...that want to reach their these audiences and want to be in content authentically? But it was impractical to do so with so many small, despair partners. Group black as a singular drives the efficiency that they're looking for. So there's there's there's that. The other piece is more scale. Right. So for us we were like, well, how do there's only so many impressions or me in in black owned. So we partnered. We we we were inspired by the level of enthusiasm that partners like penskey media and Sashi media as part of that. I Love Sam Um and you know Ziff Davis and all those folks. How? How? How that wanted to be a part of the solution and as part of that, we let we launched group black uplift, right, which is a platform where these companies have opened up their inventory and their impressions and dedicating it to distribute the content from creators and are collective, creating more opportunity for them. Right. So now I'm a creator and I could have my stuff distributed in all these different places, and that's physically creating more opportunity and more than the economics. Go back to the to black oh right, um. And and so it's it's it's going, it's it's and then obviously the technology that we've done the group black exchange and all the brands there and all you know, allowing bringing programmatic capabilities, bringing measurement capabilities, bringing all these things. So at the core of it is providing the providing infrastructure that address or plug the needs and so that when a brand says that we want to invest, like PMG or something, they're able to do so at scale and that touches as many members and are collective as we can. So you're your your streamlining what is a very complex operation between all these different you know, media and then people who have the content, and then also centralizing all of that into one place. So making it as simple as possible to start growing this ecosystem. Am I correct? Exactly, and engaging in partnerships and growth, in misiatives that help. At the end of the day, there there needs to be a lot net more. Right, they shouldn't. If you look at it, there's only like ten that have real scale. Right. We need that list to be bigger, and so that's what we're focused on. I will be like one of the things that I always say is we achieved our mission a group black who were no longer necessary, right, yeah, and that is a like I'm trying to work my way out of a job, so to speak. So, you know, we're very excited, like it's a it's it's a big job, Um, you know, but we're really sided to be undertaking it and the the team that's here is is the best in class team, some of some incredibly senior executive team members and executives that have joined this cause to help us advanced the mission forward. So now, if I'm thinking about our listeners, and you're maybe they're working on the agency side or working in a brand org and they want to help solve this, they want to invest Um in black creators and black owned media. What's the first concrete step that they can take, Um, towards actually making that a reality? So I have to give procter and gamble a shout out here, because they've been spectacular, Um, in every, every, every single way. Um, what the one of the things, the first thing that I've seen our most successful partners do is they engagements,...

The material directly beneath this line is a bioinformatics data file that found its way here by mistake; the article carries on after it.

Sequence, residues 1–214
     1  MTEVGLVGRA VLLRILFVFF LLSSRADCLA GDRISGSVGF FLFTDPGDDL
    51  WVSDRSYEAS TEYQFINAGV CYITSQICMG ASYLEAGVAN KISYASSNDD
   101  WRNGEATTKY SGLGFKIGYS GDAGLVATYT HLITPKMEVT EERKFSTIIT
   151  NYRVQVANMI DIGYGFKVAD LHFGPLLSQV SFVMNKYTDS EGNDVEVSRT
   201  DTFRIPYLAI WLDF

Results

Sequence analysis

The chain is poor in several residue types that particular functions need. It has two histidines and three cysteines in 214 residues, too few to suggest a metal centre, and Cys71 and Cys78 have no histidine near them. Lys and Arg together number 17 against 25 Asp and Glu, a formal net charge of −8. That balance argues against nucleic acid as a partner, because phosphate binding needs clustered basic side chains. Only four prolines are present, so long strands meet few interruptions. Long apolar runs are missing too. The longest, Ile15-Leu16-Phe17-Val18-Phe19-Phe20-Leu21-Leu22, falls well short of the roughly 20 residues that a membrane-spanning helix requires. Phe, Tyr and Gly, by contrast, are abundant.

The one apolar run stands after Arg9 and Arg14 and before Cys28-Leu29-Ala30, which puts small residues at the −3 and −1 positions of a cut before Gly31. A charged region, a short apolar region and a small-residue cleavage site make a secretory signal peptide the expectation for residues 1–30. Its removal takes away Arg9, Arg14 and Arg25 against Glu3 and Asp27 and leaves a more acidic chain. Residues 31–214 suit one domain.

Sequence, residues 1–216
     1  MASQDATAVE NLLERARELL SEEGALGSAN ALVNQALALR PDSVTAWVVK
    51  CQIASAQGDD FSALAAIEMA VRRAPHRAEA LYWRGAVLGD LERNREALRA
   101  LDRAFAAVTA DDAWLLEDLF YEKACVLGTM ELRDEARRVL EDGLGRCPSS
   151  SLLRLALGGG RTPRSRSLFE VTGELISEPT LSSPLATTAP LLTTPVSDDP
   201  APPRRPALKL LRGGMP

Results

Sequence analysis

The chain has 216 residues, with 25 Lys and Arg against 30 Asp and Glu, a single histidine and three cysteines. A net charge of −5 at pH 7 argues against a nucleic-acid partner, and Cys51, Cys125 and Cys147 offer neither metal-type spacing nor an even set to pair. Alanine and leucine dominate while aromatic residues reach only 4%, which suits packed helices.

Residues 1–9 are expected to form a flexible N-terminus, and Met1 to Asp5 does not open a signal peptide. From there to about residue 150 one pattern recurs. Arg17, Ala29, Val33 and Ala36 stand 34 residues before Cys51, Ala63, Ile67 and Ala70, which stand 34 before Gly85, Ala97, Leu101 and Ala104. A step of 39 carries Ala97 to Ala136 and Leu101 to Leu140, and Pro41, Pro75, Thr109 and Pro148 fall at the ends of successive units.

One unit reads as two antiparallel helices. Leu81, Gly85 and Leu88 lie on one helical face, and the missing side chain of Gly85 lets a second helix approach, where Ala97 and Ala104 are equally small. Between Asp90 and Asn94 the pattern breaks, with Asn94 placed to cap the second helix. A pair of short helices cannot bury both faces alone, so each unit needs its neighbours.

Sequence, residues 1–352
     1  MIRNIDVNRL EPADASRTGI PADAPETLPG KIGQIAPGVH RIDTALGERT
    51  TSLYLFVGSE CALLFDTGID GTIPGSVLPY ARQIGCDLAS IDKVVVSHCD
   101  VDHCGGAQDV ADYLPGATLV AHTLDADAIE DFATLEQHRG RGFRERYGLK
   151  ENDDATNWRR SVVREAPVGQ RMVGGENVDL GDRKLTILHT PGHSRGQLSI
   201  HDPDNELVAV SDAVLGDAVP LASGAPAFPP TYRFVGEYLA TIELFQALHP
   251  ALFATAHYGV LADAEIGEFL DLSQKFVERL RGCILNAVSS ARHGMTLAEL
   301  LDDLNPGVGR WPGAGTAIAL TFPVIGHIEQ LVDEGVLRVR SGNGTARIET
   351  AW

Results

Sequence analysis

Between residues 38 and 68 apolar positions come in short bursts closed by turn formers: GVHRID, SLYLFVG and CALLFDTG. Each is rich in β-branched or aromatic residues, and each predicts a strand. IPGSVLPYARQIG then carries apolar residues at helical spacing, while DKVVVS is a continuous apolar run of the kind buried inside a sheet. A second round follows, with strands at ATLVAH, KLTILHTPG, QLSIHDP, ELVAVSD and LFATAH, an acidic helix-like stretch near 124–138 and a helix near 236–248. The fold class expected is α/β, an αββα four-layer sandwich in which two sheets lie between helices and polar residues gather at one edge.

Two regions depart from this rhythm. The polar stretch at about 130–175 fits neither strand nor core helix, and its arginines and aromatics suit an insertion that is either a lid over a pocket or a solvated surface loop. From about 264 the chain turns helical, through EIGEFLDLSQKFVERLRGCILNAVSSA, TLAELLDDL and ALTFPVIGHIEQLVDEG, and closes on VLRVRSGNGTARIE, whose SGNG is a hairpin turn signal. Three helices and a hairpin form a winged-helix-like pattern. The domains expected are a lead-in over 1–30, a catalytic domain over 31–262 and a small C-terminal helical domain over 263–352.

...have a conversation, for we could, we could explain what's the challenge today, but also here their challenges. Right, we aligned that way, and what we've done is we've, we've, we've, we've, whether it's our agency partners like group them or or rope, any of these trucks, we we, we we set, we work together and said we set a target on we need we if we believe that this that black owned, median, diverse creators, our culture, makers and culture moves business performance, we need to let's align. Let's align with a target that we're going to set ourselves on how we're going to start investing into this category in a meaningful way at scale and set the kind of set a mark for ourselves. Right, you've seen this when we announced our seventy five million dollar target media investment with group them. We work with brands to the point where we have half a billion dollars, nearly half a billion dollars today, a brands that have kind of stepped up and said Hey, yes, we are going to work with you strategically. We're going to help, we're gonna give you feedback, we're gonna work with your creators and companies and we're gonna do so in a way that's meaningful, not like hey, here's a fifty campaign. Not that were bad, but at the end of the day, that doesn't move we're talking about large global brands. That's not moving the business right and that's not moving that's not moving anything for the community as well. So we all, we, we, we really we. We engage in real serious conversations about how, like, let's align ourselves strategically. Allow I want you to be honest with me. I will be honest with you, and I don't know. That's good partnership and we're going to get the results. And it's not just and and it's not charity, right, it's innovation. This is innovation right, because at the end of the day, what I said before is inclusion is the biggest business opportunity today. Right, the economic power of inclusion is real, especially when you think about Gen Z and Gen Alpha. So, like, how are we? How are you, as a brand of business, changing the structure of how you do things so that it could go with the next generation of consumers and like buyers and your customers. So that's the real magic in the folks that work the best with us. It's those people who look at this as a strategic opportunity for their businesses, not just hey, a nice thing to do exactly now. I like that approach of looking at it. Okay, what is the meaningful business outcome that we will get out of doing this program or not even doing this program making the shift into how we do business, how we market, how we advertise and who we do that with? Um, I'M gonna shift focus a little bit too. Um, let's let's dive into inside organizations. Um, you've stated before that traditional D e I programs don't work. Why do you think that is so? One of the core reasons traditional B D I programs don't work is because they're treated like a Bolton right, versus a a fundamental philosophy or or of how the business operates. Right. So what we like, like we want, if you want it, it should feel integrated in a big way. So, for example, you know, I worked in finance and when I worked in finance I was putting a D Yeah I program like like you know,...